1 / 23

The Linux Kernel: Debugging

The Linux Kernel: Debugging. Accessing the “Black Box”. Kernel code: Not always executed in context of a process. Not easily traced or executed under a conventional debugger. Hard to step through (& set breakpoints in) a kernel that must be run to keep the system alive.

Download Presentation

The Linux Kernel: Debugging

An Image/Link below is provided (as is) to download presentation Download Policy: Content on the Website is provided to you AS IS for your information and personal use and may not be sold / licensed / shared on other websites without getting consent from its author. Content is provided to you AS IS for your information and personal use only. Download presentation by click this link. While downloading, if for some reason you are not able to download a presentation, the publisher may have deleted the file from their server. During download, if you can't get a presentation, the file might be deleted by the publisher.


Presentation Transcript

  1. The Linux Kernel: Debugging

  2. Accessing the “Black Box” • Kernel code: • Not always executed in context of a process. • Not easily traced or executed under a conventional debugger. • Hard to step through (& set breakpoints in) a kernel that must be run to keep the system alive. • How, then, can we debug kernel code?

  3. Debugging by Printing • printf’s are a common way of monitoring values of variables in application programs. • Cannot use printf in the kernel as it’s part of the standard C library. • printk is the kernel equivalent: • Messages can be classified according to their loglevel. • e.g. printk(KERN_DEBUG “I have an IQ of 6000.\n”); • Details found in kernel/printk.c.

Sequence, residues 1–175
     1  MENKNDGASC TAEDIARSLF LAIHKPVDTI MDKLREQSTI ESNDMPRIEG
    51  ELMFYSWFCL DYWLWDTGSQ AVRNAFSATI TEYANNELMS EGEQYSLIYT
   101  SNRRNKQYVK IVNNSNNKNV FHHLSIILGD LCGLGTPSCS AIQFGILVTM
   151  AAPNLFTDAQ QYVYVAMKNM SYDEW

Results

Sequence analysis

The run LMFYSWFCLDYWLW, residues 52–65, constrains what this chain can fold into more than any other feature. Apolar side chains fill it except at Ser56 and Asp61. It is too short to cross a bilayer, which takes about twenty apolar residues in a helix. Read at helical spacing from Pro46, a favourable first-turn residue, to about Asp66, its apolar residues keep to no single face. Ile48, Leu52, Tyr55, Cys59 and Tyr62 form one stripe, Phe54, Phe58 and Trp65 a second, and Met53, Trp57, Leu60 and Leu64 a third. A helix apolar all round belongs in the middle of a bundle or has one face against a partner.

4. Using /proc Filesystem • See Rubini page 74. • Can use /proc virtual filesystem to create file nodes for reading kernel data. • Entries in /proc can be configured like any file and can refer to devices too! • Reading a /proc entry causes data to be generated. This is different than reading a file whose contents existed before the read call. • Try doing ‘ls –l /proc’ to see the file sizes.

  5. Debugging System Faults • Oops Messages: • Usually generated by kernel when dereferencing invalid address. • What about other hardware detected faults? • Processor status is dumped to screen, including CPU register values. • Generated by arch/*/kernel/traps.c. • Can check /var/log/messages to see fn before oops message. • Can ‘cat /proc/ksyms’ to see address of function where PC was (value in EIP register) at time of fault.

  6. Other Debugging Methods • Using a debugger: • e.g. gdb vmlinux /proc/kcore enables symbols to be examined in the uncompressed kernel image. • Assumes kernel built with symbols not stripped (-g option). Will be huge! • kcore is a core file representing the “executing kernel”. It is as large as all physical memory. • You cannot run the kernel image being debugged – it will seg fault! Hence this method is only good for symbol examination. • Other methods: kgdb, remote debugging.

  7. Message Logging • <linux/kernel.h> defines the loglevels. • 8 loglevels available. • If priority of message is less than console_loglevel priority, printk message is displayed. • If klogd and syslogd are running, messages are logged in /var/log/messages. • /etc/syslog.conf tells syslogd how to handle messages.

  8. The Linux Kernel: The Flow of Time

  9. “What time is it?” • Need timing measurements to: • Keep track of current time and date for use by e.g. gettimeofday(). • Maintain timers that notify the kernel or a user program that an interval of time has elapsed. • Timing measurements are performed by several hardware circuits, based on fixed frequency oscillators and counters.

  10. Hardware Clocks • Real-Time Clock (RTC): • Often integrated with CMOS RAM on separate chip from CPU: e.g., Motorola 146818. • Issues periodic interrupts on IRQ line (IRQ 8) at programmed frequency (e.g., 2-8192 Hz). • In Linux, used to derive time and date. • Kernel accesses RTC through 0x70 and 0x71 I/O ports.

  11. Timestamp Counter (TSC) • Intel Pentium (and up), AMD K6 etc incorporate a TSC. • Processor’s CLK pin receives a signal from an external oscillator e.g., 400 MHz crystal. • TSC register is incremented at each clock signal. • Using rdtsc assembly instruction can obtain 64-bit timing value. • Most accurate timing method on above platforms.